What differentiates psychoanalysis from other schools of psychological speculation is its claims to be a complete philosophical system by itself. There is practically no field of human activity and endeavour that it has not sought to interpret anew. It has its own theories to offer regarding the origin and nature of religion and ethics and its contributions to the study of literature and art have been impressive. The contribution of psychoanalysis to art rests upon its analysis of the symbol. The Freudian analysis of the dream showed that it is by overdetermination that an image becomes a symbol since the distinguishing characteristic of the symbol is that in addition to its intrinsic meaning and sometimes quite overriding it, it is overlaid with another significance arising from the history of the personal and collective psyche. The symbol, however, was certainly not unknown to traditional art. In European religious painting, for example, the Cross was a perfect symbol of religious feeling, which could at once induce the right aesthetic receptivity in the beholder by its associative saturation. But in surrealism and certain types of abstractionism, psychoanalysis made it possible for art to utilise symbolic significances arising respectively from the levels of the personal unconscious and the collective unconscious. The psyche of man floats like an iceberg in the ocean of time. The greater portion of his mental life is submerged below the surface. Symbols belong to both the levels, but the symbols of the upper stratum, developed during the historical Process, had been exhaustively used it art. Therefore, argued artists like Max Ernst, Joan Miro and Salvador Dali, the time had come to reinforce these symbols by those drawn from the unconscious as well. Thus surrealism, it will be noted, did not confine itself to the symbols of the unconscious but drew for itself material from both the strata. It sought to depict the super-reality of the human personality, extended in both levels. The technique, employed in this effort, was the technique found in the fabrication of dreams. Natural objects also appear in dreams-but in strange juxtaposition. And it was in this very strangeness of their composition that their symbolic significance was to be sought. There were the theoretical bases, from which emerged the haunting compositions of the surrealists. Things are either too dull in their places or are there by sheer inertia. The function of art was to snatch things from the security of their normal existence and put them where they have never been before except in dreams. And since dreams are projected by frustrated personal desires, surrealist art is sometimes motivated by frustrated social desires. This explains its ideological affinity to the Left. But the passion has not been reciprocated since Communism, consistent with its own outlook, believes that the remedy for social maladjustments is not compromise in dreams but revolutionary action. The Logic of abstract is not so sound. In a strenuous attempt to explain Picasso, Zervos wrote that his technique is never to set his will in opposition to his vision. The abstractionist, it is argued, tries to record directly, to transpose with-out any editing the stream of his unconscious. The attempt is similar to that made by Joyce in Ulysses but language being the instrument for the communication of meaning, this technique in literature cannot enjoy the freedom from logic which it can in painting. It is also claimed that during this process, many of the symbols of the collective unconscious are salvaged for the advantage of art. Whether or not the advantage has been real, it is true that psychoanalytic research has laid bare the existence of certain archetypal images, whose symbolism embraces a wide variety of manifestations. The existence of such symbols was studied by Schemer even before Freud and a great amount of work has been done in this field by Wilhelm Stekel and Jung. In Jung's short but significant study in Chinese mysticism, The Secrets of the Golden Flower, we come across such an archetypal image, the mandala. The mandala is a circle or a magic ring, the archetype of all concentrically arranged figures. The mandala according to Jung, is present in the palaeolithic sun wheels of Rhodesia, in the sand drawings used in the ceremonies of the Pueblo Indians in the mystic traditions of ancient Egypt, in the esoteric mysticism of Tantric Hinduism and Chinese and Tibetan Buddhism, in Byzantine, Celtic and Gothic art and the heraldic rose of the Tudors. The fact that Jung found mandala drawings among the mentally diseased, who could not have had the least idea of any of these connections, confirms the thesis that there are symbols of the collective unconscious, just as there are symbols of the personal unconscious.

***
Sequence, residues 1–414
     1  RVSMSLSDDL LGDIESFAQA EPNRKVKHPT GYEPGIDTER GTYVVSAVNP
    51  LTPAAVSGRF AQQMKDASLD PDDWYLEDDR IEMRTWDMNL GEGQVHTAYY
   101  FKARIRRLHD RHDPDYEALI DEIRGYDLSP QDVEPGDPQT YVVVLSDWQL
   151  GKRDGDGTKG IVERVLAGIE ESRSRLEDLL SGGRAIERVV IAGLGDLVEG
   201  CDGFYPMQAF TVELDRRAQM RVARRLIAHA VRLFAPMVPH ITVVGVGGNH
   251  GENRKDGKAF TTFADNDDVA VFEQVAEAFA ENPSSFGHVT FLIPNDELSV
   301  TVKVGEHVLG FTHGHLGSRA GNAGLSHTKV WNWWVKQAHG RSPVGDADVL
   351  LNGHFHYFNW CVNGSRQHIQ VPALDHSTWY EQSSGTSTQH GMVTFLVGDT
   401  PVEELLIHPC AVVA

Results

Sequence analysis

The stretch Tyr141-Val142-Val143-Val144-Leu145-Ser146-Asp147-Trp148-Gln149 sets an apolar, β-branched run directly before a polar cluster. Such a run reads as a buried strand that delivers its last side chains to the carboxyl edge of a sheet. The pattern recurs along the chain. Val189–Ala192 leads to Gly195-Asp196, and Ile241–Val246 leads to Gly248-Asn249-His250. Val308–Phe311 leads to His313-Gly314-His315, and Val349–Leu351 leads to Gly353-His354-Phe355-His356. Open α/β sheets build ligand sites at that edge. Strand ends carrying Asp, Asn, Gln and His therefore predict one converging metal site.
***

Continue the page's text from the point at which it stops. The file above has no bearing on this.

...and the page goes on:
We may now attempt the difficult task of making up our mind about the value of the psycho-analytic contribution to art. Abstract art seems just permissible and nothing beyond that. Reproductions of archetypal images have greater value in text-books of psychoanalysis than in the painter's studio. Besides, if these images are the legacy of the race, they probably inspire the designs of the commercial artists working for textile fabrics and wall paper as much as they inspire `creative' art and they are much more pleasing. There is less scope (or humbug, too, in commercial art where the patterns have at least to be symmetrical while the 'genius' can perpetrate anything he likes. Further if we agree that art involves communication of significance, abstract art of this type would not be any art, since there is no communication and if there is any significance it is hidden from the artist's own consciousness. This is also the defect with stronger doses of surrealism. If they mean anything, it is not clear to the beholder and in theory it should not be clear even to the artist, in the same way that the significance of my dreams is not clear to me by virtue of their being my property ‘. But surrealist technique, employed with sobriety can enhance the suggestive power of the traditional metaphor and symbol, as is clear from the following examples from the verses of Terence Tiller, where the images evoked have the haunting pictorial quality of Salvador Dali's work but are not quite so puzzling. The crumpled pool of ours, the haunted reeds the crooked willow and the drifting singer. .. Now the great bones of ancient things lie foundered on the rotting beach . . . . In days of nightingales and when our streets are all nostalgic turnings and the west A broken harbour, there will be terror walking Psychoanalysis has had extensive and profound ramifications and even the claim that the doctrine, along with Marxism, dominates the pre-sent epoch, cannot be too easily denied. But time has yet to pass before we can make a final assessment of its exact legacy to us.
Published in Silpi, June 1947, page 13-14